Do you have any favorite new recording gadgets?
I like the Synclavier polyphonic sampling system, which I’m using extensively. It let’s you take a short sample and extend it indefinitely. Now a single trumpet “boop” can be played for longer than anyone could hold a breath. It enables you to create new sounds that were impossible before.
What is your strongest characteristic as a human being?
Have you ever witnessed a miracle?
Well, I think I heard my band play this certain bar in “The Black Page” correctly one time.
If you hadn’t become a musician, what would you be doing now?
I would probably be a chemist, or a physicist.
Who has musically affected you the most?
Probably Varese — and also Webern and Stravinsky.
Is there any period in history where you would have been more comfortable?
Not really, because I’m an “electronic kind of guy.” An earlier era might have offered more in terms of aesthetics, but so much of what I do involves electronic devices that I don’t think I would be happy without them.
Are you as successful as you would like to be?
I would say that the basic characteristic of my life is failure. If there is one thing that I excel at, it’s failure — I manage to fail at 100 percent of the things that I do. Since most of the things that I set out to do are theoretically impossible, it’s very easy to fail. I’ve learned to live with it. In terms of machinery and personnel, there never seems to be enough to get things done exactly right.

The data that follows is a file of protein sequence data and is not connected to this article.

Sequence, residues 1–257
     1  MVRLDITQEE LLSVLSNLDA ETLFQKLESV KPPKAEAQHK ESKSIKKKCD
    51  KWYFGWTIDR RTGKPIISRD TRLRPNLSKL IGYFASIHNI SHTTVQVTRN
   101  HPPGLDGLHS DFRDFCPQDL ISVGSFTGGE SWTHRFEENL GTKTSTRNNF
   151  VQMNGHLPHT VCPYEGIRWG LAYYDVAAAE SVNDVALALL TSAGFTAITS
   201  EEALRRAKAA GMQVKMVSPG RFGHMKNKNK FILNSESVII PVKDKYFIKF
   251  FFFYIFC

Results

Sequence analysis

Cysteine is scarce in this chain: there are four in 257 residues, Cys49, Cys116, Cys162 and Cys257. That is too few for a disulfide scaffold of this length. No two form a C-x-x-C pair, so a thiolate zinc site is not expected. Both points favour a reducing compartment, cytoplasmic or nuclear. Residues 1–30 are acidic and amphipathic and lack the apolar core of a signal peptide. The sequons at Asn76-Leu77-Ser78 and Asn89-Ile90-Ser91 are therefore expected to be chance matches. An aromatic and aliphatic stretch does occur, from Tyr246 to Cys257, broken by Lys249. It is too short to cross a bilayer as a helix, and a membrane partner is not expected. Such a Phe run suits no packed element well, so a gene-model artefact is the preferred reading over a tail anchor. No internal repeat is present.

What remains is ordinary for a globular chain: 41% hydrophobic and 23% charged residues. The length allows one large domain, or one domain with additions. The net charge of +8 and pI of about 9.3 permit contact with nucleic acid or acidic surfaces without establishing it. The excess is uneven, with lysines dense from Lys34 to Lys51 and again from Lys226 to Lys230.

If you were to star in a film, what would your dream role be?
I never liked the idea of acting. I have trouble identifying with things that are “make believe,” where people pretend.
Do you have any idiosyncrasies?
I smoke a lot of cigarettes, drink a lot of coffee, and do a lot of work.
Why do people have pets?
That varies from person to person. I have pets because I like them better than humans. Some people have pets because they think they’re furniture.
B: Are you related to the 18th Century composer named Zappa?
Z: Probably not, but I researched the music and got some scores from the U.C. Berkeley library, the Library of Congress, and from a library in Holland. The material was entered into the Synclavier. An album of the material is available — Francesco Zappa, His First Digital Recording in Over 200 Years.
How would you like to be remembered in the distant future?
I would rather not. I’d rather just skip it. I think that people who build an aspect of remembrance into their work habits, like “If I don’t do this, then how will I be remembered?” — that’s really bad. You should just plan for The Big Blotch.
Was there anything wrong with this interview?
No, it was perfect.